Associated Press map highlighting the state of Tennessee
Chas Sisk, The Tennessean
NASHVILLE, Tenn. -- A bill that would let gun owners carry their weapons into workplace parking lots was rushed to the floor of the Tennessee Senate on Tuesday, despite questions raised by businesses, gun rights advocates and Gov. Bill Haslam.
The Senate Judiciary Committee unanimously approved a measure backed by Lt. Gov. Ron Ramsey that would force businesses to let their workers carry their guns to work, provided they leave their weapons in their vehicles. Ramsey, R-Blountville, has said he wants to pass the bill quickly and get it out of the headlines early in the session.
The committee rejected a request that it delay action until legal questions about the bill could be answered. It also acted hours after several members met with Haslam to discuss his objections to the bill.
State Sen. Jack Johnson, who presented the bill on Ramsey's behalf, said there was little point to a delay because the leader of the Senate had made his mind up. "The lieutenant governor is where the lieutenant governor is," Johnson said.
Committee members took slightly more than 20 minutes to approve the bill, with most of the time spent dealing with the legislation's technicalities.
Before the meeting, Tennessee Chamber of Commerce and Industry had sent the committee a list of nine legal questions its members had about the bill. Those issues included the types of guns that workers would be allowed to carry in their vehicles, where businesses would be able to restrict guns and who would be liable in the event of a workplace shooting.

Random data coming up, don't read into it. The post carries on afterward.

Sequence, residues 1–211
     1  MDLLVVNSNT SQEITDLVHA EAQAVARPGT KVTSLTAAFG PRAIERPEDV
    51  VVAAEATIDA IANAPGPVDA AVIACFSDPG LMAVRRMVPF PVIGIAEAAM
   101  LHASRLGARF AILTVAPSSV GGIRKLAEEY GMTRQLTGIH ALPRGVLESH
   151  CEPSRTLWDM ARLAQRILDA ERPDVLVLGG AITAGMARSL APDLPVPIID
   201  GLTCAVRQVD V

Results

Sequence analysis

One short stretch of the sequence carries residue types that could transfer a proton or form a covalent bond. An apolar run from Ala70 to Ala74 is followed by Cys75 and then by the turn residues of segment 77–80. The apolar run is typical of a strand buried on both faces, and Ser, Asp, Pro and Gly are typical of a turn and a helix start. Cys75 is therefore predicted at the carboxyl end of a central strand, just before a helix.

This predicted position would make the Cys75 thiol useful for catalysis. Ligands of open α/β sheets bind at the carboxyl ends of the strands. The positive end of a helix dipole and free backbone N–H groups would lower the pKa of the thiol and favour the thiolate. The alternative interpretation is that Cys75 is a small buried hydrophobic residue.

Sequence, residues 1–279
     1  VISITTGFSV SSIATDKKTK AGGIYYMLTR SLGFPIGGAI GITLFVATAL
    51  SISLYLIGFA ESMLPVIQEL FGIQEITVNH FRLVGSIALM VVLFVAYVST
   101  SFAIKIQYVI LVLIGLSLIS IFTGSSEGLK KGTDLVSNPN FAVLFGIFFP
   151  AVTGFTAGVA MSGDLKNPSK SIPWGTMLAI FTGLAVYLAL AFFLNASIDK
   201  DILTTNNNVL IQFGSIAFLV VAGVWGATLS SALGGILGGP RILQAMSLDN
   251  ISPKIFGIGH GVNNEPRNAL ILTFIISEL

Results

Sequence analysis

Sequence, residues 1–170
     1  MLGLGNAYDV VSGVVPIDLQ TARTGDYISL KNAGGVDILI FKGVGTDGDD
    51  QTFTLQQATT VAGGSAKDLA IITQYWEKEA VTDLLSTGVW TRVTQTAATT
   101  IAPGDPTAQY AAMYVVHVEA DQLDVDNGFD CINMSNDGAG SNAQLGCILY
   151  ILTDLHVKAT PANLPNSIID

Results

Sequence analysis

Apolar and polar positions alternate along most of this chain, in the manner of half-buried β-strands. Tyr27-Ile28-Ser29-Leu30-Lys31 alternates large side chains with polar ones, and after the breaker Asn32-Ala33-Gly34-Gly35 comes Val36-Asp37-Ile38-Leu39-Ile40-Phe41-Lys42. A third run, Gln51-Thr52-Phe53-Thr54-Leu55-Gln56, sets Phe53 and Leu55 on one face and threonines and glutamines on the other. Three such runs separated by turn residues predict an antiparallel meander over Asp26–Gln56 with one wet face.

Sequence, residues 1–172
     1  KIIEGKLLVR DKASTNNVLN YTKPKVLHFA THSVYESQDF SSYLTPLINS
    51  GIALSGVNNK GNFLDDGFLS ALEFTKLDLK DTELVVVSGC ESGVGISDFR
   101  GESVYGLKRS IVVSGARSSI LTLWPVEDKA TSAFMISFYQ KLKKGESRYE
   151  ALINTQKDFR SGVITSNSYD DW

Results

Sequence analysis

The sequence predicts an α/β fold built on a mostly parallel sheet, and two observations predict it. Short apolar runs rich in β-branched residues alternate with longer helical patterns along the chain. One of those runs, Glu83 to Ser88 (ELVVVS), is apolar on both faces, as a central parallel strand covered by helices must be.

Although language was included to protect businesses from lawsuits, Bill Ozier, the chamber's chairman, said most of the group's questions had not been addressed. Ozier said the chamber, which opposed the bill last year, favors a compromise measure that he said is in the works in the state House.
John Harris, executive director of the Tennessee Firearms Association, likewise complained that the bill has major flaws. He cited its requirement that gun owners drive their own vehicles and a provision that says federal restrictions on guns would be enforced using state resources. "It's got too many holes in it," Harris said. "It's better to fix it right the first time than halfway do it."
The governor was not able to derail the measure, either. Haslam has asked lawmakers to consider exempting college campuses from the measure. He argued directly to the bill's supporters in the Senate in a meeting in his office, shortly before the committee vote.
But Johnson, R-Franklin, said Ramsey and other supporters told the governor they intended to move the bill to the Senate floor for a vote.
"If we start exempting here and exempting here, it becomes a slippery slope," Johnson said.
The bill now goes to the Senate floor, where Republicans hold 26 of 33 seats.